SF: Similarly, the history of experimental film in Ireland is largely a bare one — with the one major exception usually mentioned being the First Wave filmmakers of the 1970s. Do you see a link between that movement and the experimental scene today — or, to your eyes, are the influences on Irish experimental film largely international? (Or are they drawn from other Irish sources entirely!)

MLC: Again, I can only speak for myself and, perhaps, some close friends. The influences are international and scattered all across cinema history. I don’t think I’ve been consciously influenced by any Irish filmmaker of the past. Inspired, yes. For instance, Vivienne Dick is someone I admire greatly. Another Irish film that stays with me is “The Dawn” (1936), a one-off feature made by a group of non-professionals in Kerry. It’s a miraculous piece of work and for me is the most luminous indication of what a classical Irish cinema might have been, a legacy we don’t have and which I regret.

SF: Dean, Donal Foreman has compared your work to that of the Irish First Wave film-makers — does this comparison hold true to your mind, or do you see them as an influence?

DK: For me there is no direct influence from these filmmakers. Perhaps all we have in common is the country of origin. My influences came entirely from abroad, discovering the cinema from Asia, Eastern Europe, Central Europe, USA and the Middle East. I’ve never felt too close to Ireland growing up, I always felt like I was from somewhere else, and cinema gave me a history that I could participate in and it could provide a place for me to reside that is neither here nor there.

SF: Do you see a political element as important to your work? As part of my research, I’ve been looking at links between ‘Third Cinema’ practitioners and that of the Irish First Wave film-makers — is the idea of a cinema in direct opposition to mainstream cinema resonant with you or would you see yourself as having no connection to the cinema-as-industry model at all?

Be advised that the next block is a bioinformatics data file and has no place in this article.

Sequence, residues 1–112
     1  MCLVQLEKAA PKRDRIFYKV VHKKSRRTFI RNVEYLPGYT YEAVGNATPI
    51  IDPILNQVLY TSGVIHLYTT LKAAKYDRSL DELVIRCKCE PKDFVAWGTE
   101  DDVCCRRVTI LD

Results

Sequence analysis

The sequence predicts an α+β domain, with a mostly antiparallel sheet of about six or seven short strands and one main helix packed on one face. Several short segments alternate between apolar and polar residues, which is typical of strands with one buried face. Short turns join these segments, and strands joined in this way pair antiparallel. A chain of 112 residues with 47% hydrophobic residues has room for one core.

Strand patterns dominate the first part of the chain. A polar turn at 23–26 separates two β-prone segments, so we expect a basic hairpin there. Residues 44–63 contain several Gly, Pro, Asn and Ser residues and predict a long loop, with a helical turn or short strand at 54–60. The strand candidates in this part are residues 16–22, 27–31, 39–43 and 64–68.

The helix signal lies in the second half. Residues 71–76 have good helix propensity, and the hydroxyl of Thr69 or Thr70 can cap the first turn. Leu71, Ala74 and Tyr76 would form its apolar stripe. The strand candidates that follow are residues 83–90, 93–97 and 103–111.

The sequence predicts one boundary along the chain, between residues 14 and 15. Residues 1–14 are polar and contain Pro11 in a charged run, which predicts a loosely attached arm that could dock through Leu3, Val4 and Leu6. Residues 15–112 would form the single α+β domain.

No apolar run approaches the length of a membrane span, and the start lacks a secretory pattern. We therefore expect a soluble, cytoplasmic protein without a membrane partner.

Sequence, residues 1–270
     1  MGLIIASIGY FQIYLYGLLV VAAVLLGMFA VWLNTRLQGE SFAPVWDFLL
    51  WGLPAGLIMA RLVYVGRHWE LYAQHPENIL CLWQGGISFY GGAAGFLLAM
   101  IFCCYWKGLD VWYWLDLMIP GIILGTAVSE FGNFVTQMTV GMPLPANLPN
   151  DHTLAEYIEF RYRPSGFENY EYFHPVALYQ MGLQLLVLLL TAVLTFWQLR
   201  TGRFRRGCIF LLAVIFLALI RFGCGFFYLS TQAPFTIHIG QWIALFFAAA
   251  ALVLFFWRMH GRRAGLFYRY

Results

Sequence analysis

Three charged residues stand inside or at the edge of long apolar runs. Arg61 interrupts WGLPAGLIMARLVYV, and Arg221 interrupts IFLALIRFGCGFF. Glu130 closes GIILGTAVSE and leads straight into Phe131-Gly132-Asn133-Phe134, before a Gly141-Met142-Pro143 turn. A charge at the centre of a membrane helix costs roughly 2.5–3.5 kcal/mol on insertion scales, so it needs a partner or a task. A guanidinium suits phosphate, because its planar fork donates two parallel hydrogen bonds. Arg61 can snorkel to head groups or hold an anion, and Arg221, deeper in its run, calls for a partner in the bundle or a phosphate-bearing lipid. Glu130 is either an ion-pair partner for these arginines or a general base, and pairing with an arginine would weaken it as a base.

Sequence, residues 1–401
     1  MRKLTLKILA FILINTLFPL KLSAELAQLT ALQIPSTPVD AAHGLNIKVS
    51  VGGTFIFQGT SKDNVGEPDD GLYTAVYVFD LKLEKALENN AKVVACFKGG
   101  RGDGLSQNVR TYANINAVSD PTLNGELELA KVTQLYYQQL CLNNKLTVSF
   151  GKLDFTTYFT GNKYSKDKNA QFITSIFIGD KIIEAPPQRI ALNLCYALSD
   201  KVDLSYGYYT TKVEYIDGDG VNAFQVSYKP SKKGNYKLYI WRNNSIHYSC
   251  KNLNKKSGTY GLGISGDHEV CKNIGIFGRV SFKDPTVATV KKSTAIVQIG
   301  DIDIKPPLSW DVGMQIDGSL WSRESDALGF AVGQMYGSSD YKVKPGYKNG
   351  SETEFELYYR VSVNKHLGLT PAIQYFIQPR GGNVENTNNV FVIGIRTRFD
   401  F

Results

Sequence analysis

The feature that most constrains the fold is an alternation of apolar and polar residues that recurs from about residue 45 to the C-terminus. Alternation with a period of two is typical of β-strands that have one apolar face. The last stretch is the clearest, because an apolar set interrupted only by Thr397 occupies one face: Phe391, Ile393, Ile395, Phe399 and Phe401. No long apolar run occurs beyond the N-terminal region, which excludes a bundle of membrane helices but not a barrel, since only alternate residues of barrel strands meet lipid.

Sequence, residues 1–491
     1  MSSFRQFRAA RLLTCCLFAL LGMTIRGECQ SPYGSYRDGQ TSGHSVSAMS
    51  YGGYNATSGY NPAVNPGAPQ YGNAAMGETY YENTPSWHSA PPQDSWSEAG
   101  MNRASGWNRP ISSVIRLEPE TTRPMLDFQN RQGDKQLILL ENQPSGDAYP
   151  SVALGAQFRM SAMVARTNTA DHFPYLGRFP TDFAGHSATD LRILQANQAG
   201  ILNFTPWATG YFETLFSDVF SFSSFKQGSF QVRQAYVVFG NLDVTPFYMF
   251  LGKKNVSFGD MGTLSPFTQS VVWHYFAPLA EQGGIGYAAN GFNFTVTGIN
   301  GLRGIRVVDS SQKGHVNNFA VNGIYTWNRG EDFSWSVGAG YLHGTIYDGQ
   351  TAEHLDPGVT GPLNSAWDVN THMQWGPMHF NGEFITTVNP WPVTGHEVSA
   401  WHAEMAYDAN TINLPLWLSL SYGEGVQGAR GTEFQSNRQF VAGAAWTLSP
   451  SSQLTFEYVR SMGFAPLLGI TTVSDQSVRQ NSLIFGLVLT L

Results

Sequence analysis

RR: I can only speak for myself, and I feel that everything you do in your life is very political. I really don’t approve of playing the role of opposition/resistance and making political films in this way. You may say that I make films politically but I never make a political film consciously. Furthermore, I have no problem with the film industry (mainstream or current Hollywood). I do not see them as an enemy, a threat, something to attack, but rather a completely different entity and universe. They are doing exactly what they are programmed to do, to make entertainment and sell it to the mass audience. I have no relation to this at all as I come from a totally different background and system of filmmaking, which I formed and forged through the years as an individual. I never wanted to be part of the film industry and make films within it, even though I dearly wish I could be someone like Erich von Stroheim; to make films within the system and subvert it and even destroy it from the inside out, but I simply do not have the ability to so it, so I make films in a different manner.

You see- I really couldn’t care less about stories, concepts, notions, themes, messages or any other system of thought in this manner. Everyone has something to say that is so very general and its value diminishes once it is put through this system, so we should just put it aside. Furthermore, I am deeply interested in the craft of cinema and ‘how’ you want to express these things. I am interested in techniques, skills, expertise, engineering, science, and the laboratory of cinematic experimentation; like some kind of scientist or surgeon. I am interested in what unique ways the techniques we have offer the world something through cinema, in order to communicate with the audience. I prefer to be in this cold, mechanistic and apparatus-oriented world when I engage with cinema, similar to a 19thcentury inventor like Thomas Alva Edison & William K.L. Dickson, The Lumière Brothers, Edwin S. Porter or Georges Méliès. I prefer to approach cinema in this way.